Posted by Joan Rachlin, executive director
“I am coping through action. It is the only thing I know.” Amy Farber
Hello and happy autumn, everyone. This is a season of transition for most of us as we migrate from the calmer days of summer, where we were lucky enough to have a break from the workaday world, to fresh stores of new projects to tackle and new problems to solve.
Problem-solving is something all of us face, but how would you react if the problem you wanted to solve was how to save your own life? My dear friend and shero, Amy Farber, is doing just that.
Amy has a Ph.D. in medical anthropology from Harvard and was pursuing a law degree when she was diagnosed with Lymphangioleiomyomatosis (LAM), a rare, fatal, multi-system disease affecting women in their childbearing years. LAM causes destruction throughout the body, often in the lungs, kidneys, and lymph nodes. This destruction is attributed to cellular abnormalities, and eventually leads to respiratory failure as cysts and nodules take over normal lung tissue. LAM affects 30,000-50,000 women worldwide, and there is no known cure or treatment.
In fact, before Amy came along, the mechanisms of destruction of lung and other tissues in LAM were poorly understood. When Amy realized that there was not only no cure, but no treatment, either, she decided to try to change all that by taking Ralph Waldo Emerson’s advice to heart. Emerson said, “Do not go where the path leads; rather, go where there is no path and leave a trail." And so, Amy has begun blazing a trail that will hopefully produce effective therapies for LAM.
Before explaining how she has done that, I want to disclose some facts: I sit on the Board of Directors of the LAM Treatment Alliance (LTA), the organization Amy founded and now runs. I met her about two years before she was diagnosed with LAM and was immediately struck by her brilliance, fearlessness, principled thinking, commitment to being a true citizen of the world, and outsized spirit. All of those qualities have served her well as she races against the clock to unlock the mysteries of LAM so that she and her sister sufferers can have long and healthy lives.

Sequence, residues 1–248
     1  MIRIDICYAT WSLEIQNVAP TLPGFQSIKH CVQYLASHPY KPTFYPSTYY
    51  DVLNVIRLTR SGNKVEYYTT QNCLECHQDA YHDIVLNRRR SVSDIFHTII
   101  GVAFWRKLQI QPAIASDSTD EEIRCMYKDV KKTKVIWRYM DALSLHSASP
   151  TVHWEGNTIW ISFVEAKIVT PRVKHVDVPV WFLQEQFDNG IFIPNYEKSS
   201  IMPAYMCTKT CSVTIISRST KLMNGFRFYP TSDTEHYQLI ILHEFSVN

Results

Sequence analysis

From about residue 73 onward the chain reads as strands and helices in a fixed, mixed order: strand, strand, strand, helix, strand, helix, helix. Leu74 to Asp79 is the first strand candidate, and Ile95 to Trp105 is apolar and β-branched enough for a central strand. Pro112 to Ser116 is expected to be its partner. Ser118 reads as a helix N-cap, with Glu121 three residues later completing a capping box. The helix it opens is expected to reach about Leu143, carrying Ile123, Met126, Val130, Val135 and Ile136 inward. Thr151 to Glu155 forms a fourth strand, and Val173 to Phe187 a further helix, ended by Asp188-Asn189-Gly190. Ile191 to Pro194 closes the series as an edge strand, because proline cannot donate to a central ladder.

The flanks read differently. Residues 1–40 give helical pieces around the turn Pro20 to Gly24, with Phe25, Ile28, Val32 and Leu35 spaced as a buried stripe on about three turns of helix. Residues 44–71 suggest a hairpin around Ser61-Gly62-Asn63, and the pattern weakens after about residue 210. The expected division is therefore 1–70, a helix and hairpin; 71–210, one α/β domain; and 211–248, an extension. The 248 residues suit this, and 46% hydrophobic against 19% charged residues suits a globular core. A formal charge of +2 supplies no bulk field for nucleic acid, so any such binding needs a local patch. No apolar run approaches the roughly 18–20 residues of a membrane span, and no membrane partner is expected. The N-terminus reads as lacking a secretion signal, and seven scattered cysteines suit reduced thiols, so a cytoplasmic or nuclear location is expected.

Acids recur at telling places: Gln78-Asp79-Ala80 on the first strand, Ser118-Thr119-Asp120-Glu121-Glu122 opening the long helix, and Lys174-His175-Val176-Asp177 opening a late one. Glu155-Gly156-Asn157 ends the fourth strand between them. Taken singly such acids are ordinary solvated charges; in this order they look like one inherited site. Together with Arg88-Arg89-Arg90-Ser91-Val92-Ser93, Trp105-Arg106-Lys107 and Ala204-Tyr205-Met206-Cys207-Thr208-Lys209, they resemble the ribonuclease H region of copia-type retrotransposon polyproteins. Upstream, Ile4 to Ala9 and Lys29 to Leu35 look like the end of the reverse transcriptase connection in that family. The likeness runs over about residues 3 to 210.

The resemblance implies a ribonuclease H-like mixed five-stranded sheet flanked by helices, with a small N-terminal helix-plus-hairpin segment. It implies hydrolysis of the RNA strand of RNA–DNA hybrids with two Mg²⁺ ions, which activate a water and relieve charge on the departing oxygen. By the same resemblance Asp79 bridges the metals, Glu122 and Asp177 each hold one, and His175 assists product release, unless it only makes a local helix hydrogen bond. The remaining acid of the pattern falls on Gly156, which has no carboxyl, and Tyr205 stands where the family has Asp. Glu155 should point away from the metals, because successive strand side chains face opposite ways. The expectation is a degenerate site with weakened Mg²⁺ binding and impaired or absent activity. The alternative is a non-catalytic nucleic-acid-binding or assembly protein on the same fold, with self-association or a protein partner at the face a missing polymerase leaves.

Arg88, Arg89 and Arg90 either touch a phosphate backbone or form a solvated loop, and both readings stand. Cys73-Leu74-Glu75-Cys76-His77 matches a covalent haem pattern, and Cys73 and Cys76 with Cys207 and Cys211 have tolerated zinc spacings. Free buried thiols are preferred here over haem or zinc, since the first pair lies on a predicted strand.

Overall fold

So what exactly has she done? Amy’s accomplishments compose a long and impressive list, a summary of which can be found on the LTA website, but there is so much more.
Most recently, for example, Amy forged a collaboration called LAMsight between LTA and the MIT Media Lab. According to a recent New York Times article, this web site “allows patients to report information about their health, then turns those reports into databases that can be mined for observations about the disease.”
As noted in the article, “online communities have the potential to transform medical research—especially into rare diseases [like Amy’s] that lack the number of patients needed for large-scale studies and rarely attract research financing from the drug industry.”
Her MIT collaborator, Frank Moss, seconds that sense by noting that “patients’ everyday experiences in living with an illness are an enormous source of untapped data. When aggregated, those data could generate new hypotheses and avenues for research. We’re really turning patients into scientists and changing the balance of power between clinicians and scientists and patients.”